Greg thought it was a fish at first, one that felt bigger than he wanted to deal with in these tight quarters.  His ears picked up the sound of metal hitting rock, it was the hollow sound of something hitting an air tank and he knew it was another diver.  His fear did not subside.  He was still stuck and he still couldn’t see.
He caught a glimpse of movement and turned his head, seeing a facemask flash inches from his own for a second, lighted by another flashlight from below his range of vision.  It disappeared and he felt hands pulling at him, trying to right him.
Greg was completely blocking the tunnel.  If this other diver was going to get out, he was going to have to get him out of the way first.  He felt hands grip his arms.  It had to be a man, judging from its strength.  He pulled at him several times but he wasn’t budging.  He tried jerking his own body in his direction, his neck and back screamed at him in pain from being wedged into a ball, but felt himself give only fractions of inches.  His assistance wasn’t working and he knew he was going to drown.  Wedged in this tunnel, he knew he was taking another diver with him; there would be no climbing out of the cavern for the guy and no one would hear him yelling for help if he couldn’t get past.
Greg felt the diver let him go.  He could almost feel the tension in the water and then he stopped.  Nothing happened for more anxious seconds than he wanted to count.  It was as if the other diver had disappeared or, himself, drowned after running out of air.  He couldn’t see him or hear his breathing, but then he felt his hand again, his palm running over his body.  Were he not stuck, Greg would have punched him for trying to get a cheap thrill at his expense but then realized he was not groping him.  He was looking for something.  Then it hit him.
How could he be so stupid?  Their hands met at the buckle of his weight belt and flipped it open.  He heard his weights hit the muddy bottom of the tunnel and he searched for the snap for his air tank but his rescuer found if first.  Greg felt the tank being pulled free of his body. He could move again and followed his regulator hose as it pulled him along.  He stretched his arms forward, feeling around for anything that might tell him how to get out and found a muscular arm and a firm, waiting hand that gripped him tightly.  It pulled him along and he heard his tank scrape along the side walls as he took it, his only air, in tow.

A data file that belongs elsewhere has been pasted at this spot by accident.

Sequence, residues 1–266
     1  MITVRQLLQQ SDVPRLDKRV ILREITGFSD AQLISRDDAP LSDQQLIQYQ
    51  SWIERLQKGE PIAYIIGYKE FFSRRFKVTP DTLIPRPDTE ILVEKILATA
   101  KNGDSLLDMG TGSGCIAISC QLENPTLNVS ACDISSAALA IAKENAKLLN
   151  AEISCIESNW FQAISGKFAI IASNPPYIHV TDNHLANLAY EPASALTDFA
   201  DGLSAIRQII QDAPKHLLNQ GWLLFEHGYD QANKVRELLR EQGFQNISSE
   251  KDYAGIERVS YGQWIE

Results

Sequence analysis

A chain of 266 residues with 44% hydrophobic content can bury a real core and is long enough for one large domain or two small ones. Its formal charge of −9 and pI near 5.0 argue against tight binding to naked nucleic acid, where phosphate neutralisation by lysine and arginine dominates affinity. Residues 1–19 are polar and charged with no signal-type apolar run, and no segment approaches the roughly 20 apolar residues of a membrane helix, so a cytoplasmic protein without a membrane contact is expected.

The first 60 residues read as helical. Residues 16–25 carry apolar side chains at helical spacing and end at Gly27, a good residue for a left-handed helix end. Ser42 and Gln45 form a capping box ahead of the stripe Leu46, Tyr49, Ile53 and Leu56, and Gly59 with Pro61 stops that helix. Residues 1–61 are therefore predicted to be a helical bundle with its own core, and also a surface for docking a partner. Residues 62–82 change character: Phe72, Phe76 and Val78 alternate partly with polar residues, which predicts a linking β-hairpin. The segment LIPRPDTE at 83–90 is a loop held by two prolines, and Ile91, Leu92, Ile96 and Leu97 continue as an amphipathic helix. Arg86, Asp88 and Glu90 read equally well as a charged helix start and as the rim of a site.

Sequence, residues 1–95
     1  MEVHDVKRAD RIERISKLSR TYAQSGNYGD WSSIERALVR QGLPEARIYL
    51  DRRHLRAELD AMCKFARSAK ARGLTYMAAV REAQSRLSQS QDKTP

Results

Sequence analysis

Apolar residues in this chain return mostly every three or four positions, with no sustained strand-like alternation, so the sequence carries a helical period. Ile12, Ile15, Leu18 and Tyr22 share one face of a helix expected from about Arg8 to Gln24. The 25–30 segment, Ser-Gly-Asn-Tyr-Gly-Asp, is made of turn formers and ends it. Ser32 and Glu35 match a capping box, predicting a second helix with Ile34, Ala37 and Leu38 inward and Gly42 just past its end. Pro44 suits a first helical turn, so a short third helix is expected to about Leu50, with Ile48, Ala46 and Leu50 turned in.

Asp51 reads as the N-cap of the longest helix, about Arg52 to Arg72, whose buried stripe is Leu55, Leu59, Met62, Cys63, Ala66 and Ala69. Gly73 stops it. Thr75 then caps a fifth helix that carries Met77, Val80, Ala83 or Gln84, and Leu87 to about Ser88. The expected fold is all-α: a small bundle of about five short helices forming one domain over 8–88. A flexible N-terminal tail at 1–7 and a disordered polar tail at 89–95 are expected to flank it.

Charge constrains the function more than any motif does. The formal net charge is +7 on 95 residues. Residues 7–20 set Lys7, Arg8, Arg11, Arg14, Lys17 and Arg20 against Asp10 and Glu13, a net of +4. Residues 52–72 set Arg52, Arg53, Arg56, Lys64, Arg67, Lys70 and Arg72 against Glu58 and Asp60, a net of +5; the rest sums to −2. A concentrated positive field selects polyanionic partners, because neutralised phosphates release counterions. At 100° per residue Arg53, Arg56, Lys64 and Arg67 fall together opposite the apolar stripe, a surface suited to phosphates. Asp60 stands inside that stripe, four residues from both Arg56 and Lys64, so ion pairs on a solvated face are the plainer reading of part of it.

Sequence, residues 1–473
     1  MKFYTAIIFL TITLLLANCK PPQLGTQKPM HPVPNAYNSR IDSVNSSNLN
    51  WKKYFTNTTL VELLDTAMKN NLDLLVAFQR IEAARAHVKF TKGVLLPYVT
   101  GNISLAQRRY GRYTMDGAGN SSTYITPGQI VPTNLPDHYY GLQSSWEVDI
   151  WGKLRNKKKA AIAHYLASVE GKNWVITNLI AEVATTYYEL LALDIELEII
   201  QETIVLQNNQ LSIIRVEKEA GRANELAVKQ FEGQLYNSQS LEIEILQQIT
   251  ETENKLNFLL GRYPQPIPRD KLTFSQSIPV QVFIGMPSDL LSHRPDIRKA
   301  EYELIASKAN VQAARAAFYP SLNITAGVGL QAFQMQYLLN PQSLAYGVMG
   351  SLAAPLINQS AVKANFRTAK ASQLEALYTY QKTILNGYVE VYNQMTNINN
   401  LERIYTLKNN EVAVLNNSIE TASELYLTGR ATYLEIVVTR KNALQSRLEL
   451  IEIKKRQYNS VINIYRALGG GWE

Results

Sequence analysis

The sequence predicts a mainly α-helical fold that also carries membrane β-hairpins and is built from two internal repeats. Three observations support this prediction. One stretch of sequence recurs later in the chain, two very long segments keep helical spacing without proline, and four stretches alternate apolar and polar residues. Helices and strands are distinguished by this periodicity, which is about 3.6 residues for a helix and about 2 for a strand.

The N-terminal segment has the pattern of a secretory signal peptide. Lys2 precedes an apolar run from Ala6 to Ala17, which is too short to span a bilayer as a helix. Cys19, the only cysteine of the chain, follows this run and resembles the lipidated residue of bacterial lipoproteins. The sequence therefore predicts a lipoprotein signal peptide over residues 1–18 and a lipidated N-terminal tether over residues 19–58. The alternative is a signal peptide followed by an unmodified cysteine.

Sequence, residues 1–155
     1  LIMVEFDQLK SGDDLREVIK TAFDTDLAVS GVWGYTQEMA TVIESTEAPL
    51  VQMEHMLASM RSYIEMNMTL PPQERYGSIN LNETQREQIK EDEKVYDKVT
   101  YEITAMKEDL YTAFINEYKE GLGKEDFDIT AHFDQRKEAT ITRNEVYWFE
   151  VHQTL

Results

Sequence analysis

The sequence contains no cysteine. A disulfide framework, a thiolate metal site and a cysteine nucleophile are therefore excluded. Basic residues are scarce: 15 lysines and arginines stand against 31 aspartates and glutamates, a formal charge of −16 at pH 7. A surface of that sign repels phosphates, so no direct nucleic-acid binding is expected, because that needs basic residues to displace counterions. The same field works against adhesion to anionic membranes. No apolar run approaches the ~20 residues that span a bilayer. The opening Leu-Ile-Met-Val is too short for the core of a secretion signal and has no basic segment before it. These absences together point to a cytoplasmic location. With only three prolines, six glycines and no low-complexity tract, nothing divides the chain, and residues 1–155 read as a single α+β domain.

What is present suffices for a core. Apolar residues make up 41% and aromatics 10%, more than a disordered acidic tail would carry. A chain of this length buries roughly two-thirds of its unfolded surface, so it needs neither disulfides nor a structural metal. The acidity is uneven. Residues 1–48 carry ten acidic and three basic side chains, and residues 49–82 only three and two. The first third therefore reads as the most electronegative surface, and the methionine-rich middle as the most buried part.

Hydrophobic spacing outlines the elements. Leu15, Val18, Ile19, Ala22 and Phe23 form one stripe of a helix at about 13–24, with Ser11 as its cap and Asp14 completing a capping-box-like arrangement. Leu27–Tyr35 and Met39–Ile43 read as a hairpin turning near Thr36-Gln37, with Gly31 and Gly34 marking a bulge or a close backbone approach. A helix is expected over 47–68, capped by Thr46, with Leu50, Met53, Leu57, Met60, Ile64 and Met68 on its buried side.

Greg realized now that he had only been less than ten feet or so from the end of the tunnel.  He could hear the change in sounds around him as it widened and opened into the water filling the base of the cavern.  He looked around and saw the blurred light coming through the oculus in the top and kicked his legs hard for it, dropping his regulator and leaving his tank behind.
The cool air inside the cavern felt good on his face and Greg gasped as he broke the surface, taking in a large gulp of air, of freedom from being trapped.  His claustrophobia had taken its toll and he was a trembling mass.  His legs felt like jelly, but he kicked his fins as hard as he could to get to the rock ledge.  He thought his foot hit something when he kicked off and heard a muffled grunt but he paid no attention.  He was scared out of his mind and wanted to be out of the water.
Greg pulled himself up onto the ledge and lay back on the smooth rock.  His chest heaved as if he was just finishing a marathon, and he closed his eyes to rest.
“Thank you, thank you, thank y…,” he chanted to himself.
Gradually, his mind cleared.  Greg felt his pulse speed up and turned his head back to the water.  He realized the other diver hadn’t surfaced.
“Oh, God; Oh, God,” he thought.  “No, no, no….This is not happening to me!”
He remembered his foot hitting something as he raced for the ledge.  Visions flashed through his mind of knocking the other diver cold, of finding him lying on the bottom.  Despite his own fatigue, Greg jumped to his feet, held his face mask back in place and dove back into the dark water.
His dive was cut short. 
He hit what felt like a brick wall and heard an agonized grunt.  He turned and got closer and saw the other diver doubled up in pain where his shoulder had caught him in the stomach.  Greg silently muttered a thousand apologies and shoved the diver’s regulator back in his mouth.  Threading his arm through his, he guided him to the surface.  His head almost bumped his own air tank and he realized he’d gone to retrieve it, floating it up along with his dive bag.